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If today were your first to have ever received a credit card, you would find it in mint condition having never been used. The new plastic smell, the urging itch to go buy something just to see if it works—oh the power of credit.
And off you go to the nearest retail store down the street to buy a new pair of jeans. Your $1,000 limit quickly shrinks to $880 because of your splurging appetite to keep up with the latest fashion.
The following month you decide to check your credit score. Having hopes of this three-digit number still being above 770 or higher, it has become a game for you to see how high you can float this score up. To your dismay, you discover your credit score didn’t just float, but it floated down like a balloon that lost some of its helium.
This is the impact of credit utilization. The $1,000 credit limit previously had a 0% utilization rate, meaning 100% of it was still available but now after wearing those new jeans, it sits at 12% ($120 / $1000). So why does this matter?
Well Credit Utilization is a percentage determined by the numbers above that provide a snapshot into your spending habits and your ability in being responsible. It is a measurement, none the less, of your credit card balances. With this figure, the lower the percentage, the more favorable your credit score is. Maintaining a low utilization percentage reflects to lenders and other institutions that you only use a small portion of your credit.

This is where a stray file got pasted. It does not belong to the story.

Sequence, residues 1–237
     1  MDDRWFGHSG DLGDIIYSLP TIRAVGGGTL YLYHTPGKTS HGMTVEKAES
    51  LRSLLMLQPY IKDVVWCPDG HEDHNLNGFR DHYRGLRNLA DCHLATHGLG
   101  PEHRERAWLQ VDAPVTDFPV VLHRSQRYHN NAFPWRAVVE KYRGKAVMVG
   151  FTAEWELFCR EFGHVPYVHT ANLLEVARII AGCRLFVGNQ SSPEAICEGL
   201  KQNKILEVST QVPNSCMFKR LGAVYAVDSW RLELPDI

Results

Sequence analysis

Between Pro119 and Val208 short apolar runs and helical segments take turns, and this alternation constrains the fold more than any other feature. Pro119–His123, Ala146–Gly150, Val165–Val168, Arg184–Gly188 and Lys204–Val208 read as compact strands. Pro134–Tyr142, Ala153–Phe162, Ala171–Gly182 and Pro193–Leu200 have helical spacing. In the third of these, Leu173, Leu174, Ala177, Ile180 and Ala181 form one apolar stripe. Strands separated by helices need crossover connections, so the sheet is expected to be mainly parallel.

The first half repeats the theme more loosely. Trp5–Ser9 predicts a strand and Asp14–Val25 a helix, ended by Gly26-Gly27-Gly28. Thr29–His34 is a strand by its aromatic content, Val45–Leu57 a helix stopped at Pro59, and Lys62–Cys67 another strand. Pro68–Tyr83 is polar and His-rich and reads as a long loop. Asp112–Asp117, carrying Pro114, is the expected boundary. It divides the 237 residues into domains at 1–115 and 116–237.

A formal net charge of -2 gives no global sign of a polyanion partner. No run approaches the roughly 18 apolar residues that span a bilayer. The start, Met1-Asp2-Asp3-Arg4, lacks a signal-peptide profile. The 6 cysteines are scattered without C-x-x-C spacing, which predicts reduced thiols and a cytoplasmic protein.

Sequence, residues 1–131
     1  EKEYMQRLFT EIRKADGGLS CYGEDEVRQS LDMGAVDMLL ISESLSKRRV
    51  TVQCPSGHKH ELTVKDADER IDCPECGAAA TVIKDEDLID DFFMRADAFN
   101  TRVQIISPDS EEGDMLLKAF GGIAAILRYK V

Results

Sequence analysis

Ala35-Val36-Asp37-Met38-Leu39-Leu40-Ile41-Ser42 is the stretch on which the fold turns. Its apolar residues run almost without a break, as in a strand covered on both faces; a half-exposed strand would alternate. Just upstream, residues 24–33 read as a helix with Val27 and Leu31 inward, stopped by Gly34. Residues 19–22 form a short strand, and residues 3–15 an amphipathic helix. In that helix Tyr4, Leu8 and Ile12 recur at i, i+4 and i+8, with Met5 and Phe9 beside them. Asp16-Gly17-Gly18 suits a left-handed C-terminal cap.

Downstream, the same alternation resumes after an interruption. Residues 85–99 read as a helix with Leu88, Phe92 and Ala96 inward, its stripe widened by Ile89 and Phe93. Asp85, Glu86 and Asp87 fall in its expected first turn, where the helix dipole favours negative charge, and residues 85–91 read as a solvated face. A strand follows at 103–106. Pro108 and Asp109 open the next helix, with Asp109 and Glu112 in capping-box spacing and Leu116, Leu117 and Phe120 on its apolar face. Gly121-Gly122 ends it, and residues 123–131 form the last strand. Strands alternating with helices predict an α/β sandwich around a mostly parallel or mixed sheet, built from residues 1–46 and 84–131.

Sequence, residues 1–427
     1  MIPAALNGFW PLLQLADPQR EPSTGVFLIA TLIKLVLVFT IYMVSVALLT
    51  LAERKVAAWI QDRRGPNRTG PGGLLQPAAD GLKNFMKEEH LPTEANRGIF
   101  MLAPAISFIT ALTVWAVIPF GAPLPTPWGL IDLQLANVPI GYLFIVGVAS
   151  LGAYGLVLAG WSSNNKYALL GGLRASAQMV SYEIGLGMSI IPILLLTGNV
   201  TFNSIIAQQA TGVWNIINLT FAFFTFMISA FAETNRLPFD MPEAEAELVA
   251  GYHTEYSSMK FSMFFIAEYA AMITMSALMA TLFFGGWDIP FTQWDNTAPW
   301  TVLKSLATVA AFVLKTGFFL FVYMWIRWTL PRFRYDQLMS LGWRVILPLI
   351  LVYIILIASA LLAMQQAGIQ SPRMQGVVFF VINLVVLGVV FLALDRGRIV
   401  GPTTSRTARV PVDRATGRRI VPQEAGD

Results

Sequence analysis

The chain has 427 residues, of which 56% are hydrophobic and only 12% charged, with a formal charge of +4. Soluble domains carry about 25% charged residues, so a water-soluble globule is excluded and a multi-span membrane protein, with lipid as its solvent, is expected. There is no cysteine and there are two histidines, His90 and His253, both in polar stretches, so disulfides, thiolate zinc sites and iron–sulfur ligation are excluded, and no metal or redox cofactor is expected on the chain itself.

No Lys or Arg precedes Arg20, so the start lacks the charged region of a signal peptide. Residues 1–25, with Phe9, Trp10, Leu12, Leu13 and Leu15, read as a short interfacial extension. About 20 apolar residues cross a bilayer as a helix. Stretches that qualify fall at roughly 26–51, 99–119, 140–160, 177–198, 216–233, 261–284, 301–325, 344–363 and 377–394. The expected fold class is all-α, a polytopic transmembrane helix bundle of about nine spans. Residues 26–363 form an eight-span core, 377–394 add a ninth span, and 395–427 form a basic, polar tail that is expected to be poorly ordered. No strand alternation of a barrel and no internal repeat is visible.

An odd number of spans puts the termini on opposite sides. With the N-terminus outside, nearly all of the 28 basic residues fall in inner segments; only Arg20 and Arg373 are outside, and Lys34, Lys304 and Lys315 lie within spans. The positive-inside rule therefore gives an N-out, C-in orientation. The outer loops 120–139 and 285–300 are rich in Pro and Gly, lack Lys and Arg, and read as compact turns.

"...the lower the percentage, the more favorable your credit score is."
According to FICO, this ratio makes up about 30% of your credit score. So almost 1/3 of your score is determined by this. That is why credit utilization is so important. Not being responsible with this number can impact your ability to get a new auto loan, refinance your mortgage, or possibly co-signing. Thereby, impacting your household and family members. This is why financiers and those credit savvy will state to keep a low balance on your credits card if any at all.
Picture a teeter totter. With your credit utilization score being on one end, and your credit balance on the other. The heavier the credit balance gets, the lower it drops and the higher the credit utilization will rise. It has an inverse relationship and is a strong key component to your credit score. Protect it and be responsible.